Mark Zuckerberg, CEO of Meta, just announced on his Instagram channel that the company’s paid verification program, Meta Verified, is now available in the United States.
How it works. The program is designed to provide users with a blue verification badge on both Facebook and Instagram, as well as “proactive impersonation protection” and direct access to customer support. Meta Verified costs $12 per month if accessed via the web, and $15 per month if accessed through iOS or Android to account for those platforms’ cuts of in-app payments. In addition, subscribers will receive stars that can be used to tip Facebook creators, as well as extra stickers for Stories and Reels.
Initial testing. Meta initially launched the program in Australia and New Zealand last month. Verified differs from Twitter Blue, a similar program that allows users to pay for a blue checkmark and other perks, as Meta Verified requires users to provide a piece of government ID that matches the name and photo on their account.
Once a user is verified, they cannot change their profile name or photo, username, or date of birth without going through the verification process again. Accounts that were previously verified on Instagram or Facebook will keep their blue checkmark.
What Meta says. The launch of Meta Verified is part of Meta’s effort to enhance security and transparency on its platforms. By providing users with a blue verification badge and proactive impersonation protection, Meta aims to reduce the number of fake accounts and impersonations that occur on Facebook and Instagram.
Sure, Meta could be rolling out this program to enhance security. Another reason could be to generate additional or diversify their revenue streams. They did, after all, blame weak ad demand for their recent decrease in revenue, an area that makes up 97% of their overall revenue.
For reference. Not sure if the $12-$15 a month is worth it? Here are other monthly subscription services you can get for $15 a month or less:
- YouTube: Free (with ads), or $11.99/month for YouTube Premium (ad-free, includes YouTube Music Premium)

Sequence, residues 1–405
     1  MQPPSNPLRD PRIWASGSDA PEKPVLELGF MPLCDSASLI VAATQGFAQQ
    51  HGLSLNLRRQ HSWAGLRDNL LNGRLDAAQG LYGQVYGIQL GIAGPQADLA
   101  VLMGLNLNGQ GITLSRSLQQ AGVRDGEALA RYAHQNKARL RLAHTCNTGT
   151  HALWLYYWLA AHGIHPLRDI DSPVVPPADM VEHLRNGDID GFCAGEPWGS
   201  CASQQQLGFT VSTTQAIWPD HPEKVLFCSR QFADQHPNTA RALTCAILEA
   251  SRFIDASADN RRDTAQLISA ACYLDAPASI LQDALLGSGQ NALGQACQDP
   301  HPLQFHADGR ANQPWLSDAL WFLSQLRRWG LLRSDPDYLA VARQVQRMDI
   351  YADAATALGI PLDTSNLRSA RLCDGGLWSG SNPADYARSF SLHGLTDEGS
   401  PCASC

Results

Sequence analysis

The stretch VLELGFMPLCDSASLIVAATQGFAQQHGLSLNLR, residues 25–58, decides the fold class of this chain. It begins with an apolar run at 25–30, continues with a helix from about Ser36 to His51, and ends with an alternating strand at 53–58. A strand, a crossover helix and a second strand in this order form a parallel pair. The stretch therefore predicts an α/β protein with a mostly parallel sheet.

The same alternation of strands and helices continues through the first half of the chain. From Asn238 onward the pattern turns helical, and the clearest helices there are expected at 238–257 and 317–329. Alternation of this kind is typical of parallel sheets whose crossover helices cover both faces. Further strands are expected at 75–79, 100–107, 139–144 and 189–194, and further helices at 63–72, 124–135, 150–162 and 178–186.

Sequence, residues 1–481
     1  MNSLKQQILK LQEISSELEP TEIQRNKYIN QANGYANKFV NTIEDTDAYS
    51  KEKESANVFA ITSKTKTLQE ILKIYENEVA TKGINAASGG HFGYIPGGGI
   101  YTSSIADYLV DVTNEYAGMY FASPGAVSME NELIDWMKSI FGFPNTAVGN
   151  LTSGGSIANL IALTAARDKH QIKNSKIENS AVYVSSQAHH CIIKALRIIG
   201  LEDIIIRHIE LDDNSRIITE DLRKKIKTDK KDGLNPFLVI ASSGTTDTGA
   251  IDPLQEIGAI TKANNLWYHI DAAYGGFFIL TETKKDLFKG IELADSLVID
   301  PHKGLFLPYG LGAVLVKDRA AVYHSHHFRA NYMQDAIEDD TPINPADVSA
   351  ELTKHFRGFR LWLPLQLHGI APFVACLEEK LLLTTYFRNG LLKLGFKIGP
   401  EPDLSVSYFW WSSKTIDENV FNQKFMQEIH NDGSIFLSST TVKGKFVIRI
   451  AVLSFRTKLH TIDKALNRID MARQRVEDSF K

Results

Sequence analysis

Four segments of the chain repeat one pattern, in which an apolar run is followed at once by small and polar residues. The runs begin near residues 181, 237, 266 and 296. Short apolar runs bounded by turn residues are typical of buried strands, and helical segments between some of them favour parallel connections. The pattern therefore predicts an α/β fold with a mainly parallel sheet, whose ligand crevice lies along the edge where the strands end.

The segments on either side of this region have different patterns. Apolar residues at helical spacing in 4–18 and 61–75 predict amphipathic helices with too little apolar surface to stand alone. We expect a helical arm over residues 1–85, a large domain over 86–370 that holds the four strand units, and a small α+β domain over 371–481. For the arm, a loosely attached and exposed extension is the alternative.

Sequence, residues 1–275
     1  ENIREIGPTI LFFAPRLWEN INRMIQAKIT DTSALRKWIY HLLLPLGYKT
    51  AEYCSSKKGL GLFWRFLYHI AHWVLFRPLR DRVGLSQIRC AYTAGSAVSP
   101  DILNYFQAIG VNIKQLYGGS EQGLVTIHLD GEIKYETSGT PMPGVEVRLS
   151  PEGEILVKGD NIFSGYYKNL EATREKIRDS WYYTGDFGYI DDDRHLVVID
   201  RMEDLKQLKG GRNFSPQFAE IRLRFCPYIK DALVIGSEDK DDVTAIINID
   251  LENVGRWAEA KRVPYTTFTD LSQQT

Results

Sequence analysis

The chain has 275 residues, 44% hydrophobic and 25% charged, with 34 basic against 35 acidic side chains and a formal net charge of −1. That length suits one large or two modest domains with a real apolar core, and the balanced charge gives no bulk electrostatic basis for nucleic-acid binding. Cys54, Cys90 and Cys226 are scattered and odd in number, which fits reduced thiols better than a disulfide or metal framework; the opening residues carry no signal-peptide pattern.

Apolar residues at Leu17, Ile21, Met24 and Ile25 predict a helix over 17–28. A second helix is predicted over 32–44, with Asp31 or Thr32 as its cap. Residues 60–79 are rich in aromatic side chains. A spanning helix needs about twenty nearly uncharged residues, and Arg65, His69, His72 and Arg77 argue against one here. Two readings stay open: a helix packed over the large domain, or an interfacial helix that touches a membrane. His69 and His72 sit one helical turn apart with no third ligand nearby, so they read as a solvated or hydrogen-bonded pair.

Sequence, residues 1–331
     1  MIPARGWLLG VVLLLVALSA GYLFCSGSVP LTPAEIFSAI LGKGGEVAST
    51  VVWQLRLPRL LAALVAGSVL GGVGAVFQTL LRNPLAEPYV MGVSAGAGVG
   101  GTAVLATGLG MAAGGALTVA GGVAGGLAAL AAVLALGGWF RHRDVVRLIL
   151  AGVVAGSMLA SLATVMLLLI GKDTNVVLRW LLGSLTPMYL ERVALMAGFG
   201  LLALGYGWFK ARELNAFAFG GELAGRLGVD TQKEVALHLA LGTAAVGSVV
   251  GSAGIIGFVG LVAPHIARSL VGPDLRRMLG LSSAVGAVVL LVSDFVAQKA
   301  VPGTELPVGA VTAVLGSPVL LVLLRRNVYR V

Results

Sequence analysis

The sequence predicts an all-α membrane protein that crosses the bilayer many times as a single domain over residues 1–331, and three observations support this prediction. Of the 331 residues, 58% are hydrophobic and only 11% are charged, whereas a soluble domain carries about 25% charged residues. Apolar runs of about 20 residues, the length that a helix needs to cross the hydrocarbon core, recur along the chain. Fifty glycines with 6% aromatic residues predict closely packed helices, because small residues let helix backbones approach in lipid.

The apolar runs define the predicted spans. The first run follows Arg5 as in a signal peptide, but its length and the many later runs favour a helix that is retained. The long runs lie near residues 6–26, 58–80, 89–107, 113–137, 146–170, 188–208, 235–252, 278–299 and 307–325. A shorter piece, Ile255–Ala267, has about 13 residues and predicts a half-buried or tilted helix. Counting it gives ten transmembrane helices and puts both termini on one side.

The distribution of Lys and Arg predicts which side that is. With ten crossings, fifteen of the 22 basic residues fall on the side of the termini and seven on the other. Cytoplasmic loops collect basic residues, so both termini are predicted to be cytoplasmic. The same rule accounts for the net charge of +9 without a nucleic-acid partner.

- Spotify: Free (with ads), or $9.99/month for Spotify Premium (ad-free, unlimited skips, offline listening)
- Pandora: Free (with ads), or $4.99/month for Pandora Plus (ad-free, unlimited skips, offline listening)
- Apple Music: $9.99/month for an individual subscription (ad-free, unlimited skips, offline listening)
- Amazon Music: $7.99/month for Prime members (ad-free, unlimited skips, offline listening), or $9.99/month for non-Prime members
- Hulu: $5.99/month for the basic plan (with ads), or $11.99/month for the ad-free plan
- Disney+: $7.99/month or $79.99/year
- Netflix: $8.99/month for the basic plan (SD, one screen at a time), $13.99/month for the standard plan (HD, two screens at a time), or $17.99/month for the premium plan (Ultra HD, four screens at a time)
- HBO Max: $14.99/month
Why we care. The new verification could help to improve the quality and authenticity of the platform’s user base. By requiring government ID verification, Meta may be able to ensure that users are who they say they are and reduce the incidence of fake accounts and bots on its platforms. This could result in a more engaged and authentic user base, which could in turn lead to more effective advertising.
The post Meta rolls out paid verification appeared first on Search Engine Land.
Original source: https://searchengineland.com/meta-rolls-out-paid-verification-394469